After the nurse practitioner came in, she had me assume the position (read: butt all the way forward on the examining table, feet in the stirrups like I was having an annual exam). She had already explained the basic steps, but kept explaining as she was enacting the procedure. NP Mumford first disinfected my vagina with Betadine, which is a variant of Iodine, a dark yellow liquid used as a medical cleaning agent. She used giant cotton swabs to do this as she had to reach all the way down my vaginal canal. Note: these things are like a foot long, and you would not want to get them near your ears… they would poke all the way through your brain to the ear on the other side). After the mildly painful disinfection of my insides, and using the same giant cotton swabs to apply a topical anesthetic, NP Mumford then inserted the speculum so that she could measure my uterus and how deep it was. This is when the pain really started. Not to brag or rub it in, but when I get my period, I NEVER get cramps. Read: never. This procedure makes you cramp throughout as it has something to do with stimulating whatever area of the body that inflicts self-torture. I get migraines. Really terrible migraines. But never cramps.
After the excruciating pain of having to measure my uterus (which she had to do twice, by the way, since my uterus is tipped, meaning it doesn’t sit completely level in my body), the speculum is still in place (also not the most comfortable) so that she had a guide to move along to place the IUD. Paragard is a capital T shaped white plastic device wrapped in copper wire. The copper disrupts the ability of the egg to attach to the uterine wall, with 99% effectiveness. It is only for the promise of that effectiveness against reproducing, creating progeny, having an alien grow inside me, etc… that this procedure was worth it. Another note: the topical anesthetic was definitely not working.
NP Mumford then placed the device inside my body, with a wave of pain that felt like a combination of hitting your funny bone on a door, stubbing your big toe on the sharpest corner of your bed frame, and taking giant pincers with spikes to your abdomen and squeezing them rapidly over and over again. The cramping was continuing throughout the procedure, but the pain reached a fever pitch during this portion, as it took her what felt like 10 minutes to get it placed. In reality, it was probably only one or two minutes.
I pride myself on my high levels of pain tolerance. Let me just put that out there. Various piercing parlors throughout the years have commented on my abilities to handle pain, as have varied medical professionals. This was excruciating. I didn’t make a peep, which impressed my nurse practitioner. She is not the gushy type, and after the procedure was over she just kept commenting “you did SO well! SO WELL!” like she’d never seen someone handle pain like a champ like me. This is a painful procedure, and I don’t want to sugar coat that. However, after it was over, I felt great. I didn’t feel shaky, but they had me lay down and rest for a few minutes, brought me some water, and gave me some free panty liners so that I didn’t bleed on my light grey pants. Bad choice of clothing for that day, by the way.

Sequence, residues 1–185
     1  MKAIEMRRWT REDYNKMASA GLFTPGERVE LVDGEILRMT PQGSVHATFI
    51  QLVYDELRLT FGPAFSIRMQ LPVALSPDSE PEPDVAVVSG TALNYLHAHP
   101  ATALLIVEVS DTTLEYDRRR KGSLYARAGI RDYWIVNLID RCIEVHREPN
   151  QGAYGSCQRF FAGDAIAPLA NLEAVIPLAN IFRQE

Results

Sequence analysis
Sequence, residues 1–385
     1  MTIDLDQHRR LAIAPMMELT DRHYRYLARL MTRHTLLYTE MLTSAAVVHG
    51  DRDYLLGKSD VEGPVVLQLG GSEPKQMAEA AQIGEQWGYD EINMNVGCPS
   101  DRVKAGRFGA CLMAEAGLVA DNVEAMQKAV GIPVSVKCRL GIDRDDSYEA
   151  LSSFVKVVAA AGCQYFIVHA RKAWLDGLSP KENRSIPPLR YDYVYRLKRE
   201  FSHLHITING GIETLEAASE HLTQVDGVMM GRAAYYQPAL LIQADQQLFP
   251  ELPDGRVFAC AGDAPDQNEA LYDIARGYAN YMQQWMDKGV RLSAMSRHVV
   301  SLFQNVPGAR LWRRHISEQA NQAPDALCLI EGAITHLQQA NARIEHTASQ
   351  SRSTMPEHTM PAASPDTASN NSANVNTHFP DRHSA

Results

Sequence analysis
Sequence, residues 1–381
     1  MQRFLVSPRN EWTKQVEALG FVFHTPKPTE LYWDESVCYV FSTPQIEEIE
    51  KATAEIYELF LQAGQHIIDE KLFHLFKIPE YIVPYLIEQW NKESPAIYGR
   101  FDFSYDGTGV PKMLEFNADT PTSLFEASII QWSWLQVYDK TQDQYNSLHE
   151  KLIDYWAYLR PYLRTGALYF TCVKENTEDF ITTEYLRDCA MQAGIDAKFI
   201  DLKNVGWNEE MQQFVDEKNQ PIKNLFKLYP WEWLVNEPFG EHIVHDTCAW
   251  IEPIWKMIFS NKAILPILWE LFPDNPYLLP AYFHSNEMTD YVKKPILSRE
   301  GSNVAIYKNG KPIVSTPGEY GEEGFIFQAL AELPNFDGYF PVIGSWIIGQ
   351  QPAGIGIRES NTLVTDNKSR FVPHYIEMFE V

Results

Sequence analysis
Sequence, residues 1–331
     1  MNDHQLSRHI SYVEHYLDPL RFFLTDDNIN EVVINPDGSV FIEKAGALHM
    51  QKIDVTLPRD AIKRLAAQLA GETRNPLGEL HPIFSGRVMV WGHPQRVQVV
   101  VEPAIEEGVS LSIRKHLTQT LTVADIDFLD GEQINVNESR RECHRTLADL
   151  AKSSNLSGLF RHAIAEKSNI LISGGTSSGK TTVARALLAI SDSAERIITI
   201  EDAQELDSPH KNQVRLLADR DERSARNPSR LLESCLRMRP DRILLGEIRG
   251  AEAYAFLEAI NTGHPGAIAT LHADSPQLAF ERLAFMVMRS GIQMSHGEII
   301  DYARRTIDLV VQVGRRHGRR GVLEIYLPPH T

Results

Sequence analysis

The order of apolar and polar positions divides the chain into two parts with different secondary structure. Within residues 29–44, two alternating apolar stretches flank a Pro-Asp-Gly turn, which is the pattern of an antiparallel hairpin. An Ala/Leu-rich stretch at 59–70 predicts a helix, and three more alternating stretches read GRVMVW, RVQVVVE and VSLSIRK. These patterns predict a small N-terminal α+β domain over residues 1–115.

My metro ride back to work was fine, and I’ve been experiencing cramps for the past couple of days, but other than that, I’m so excited to not have to deal with bloating, weight gain, or babies. My very sweet and understanding significant other picked me up at my metro stop after work, and brought me home to a surprise meal, and gorgeous orchid that he had purchased. He, of course, wanted to dance the horizontal tango immediately, as the device is immediately effective, but NP Mumford suggested that no sexy activities take place until bleeding has stopped- period or otherwise. He understood, and has been very thankful that I went through that pain to ensure our nightime/ daytime / anytime activities don’t create progeny that will take over the world (It’s Pinky, it’s Pinky and the Brain, Brain Brain Brain…).
It was a great decision. Momentarily painful, but a good choice to ensure that my career and my significant other’s career and education will remain uninterrupted for as long as we choose.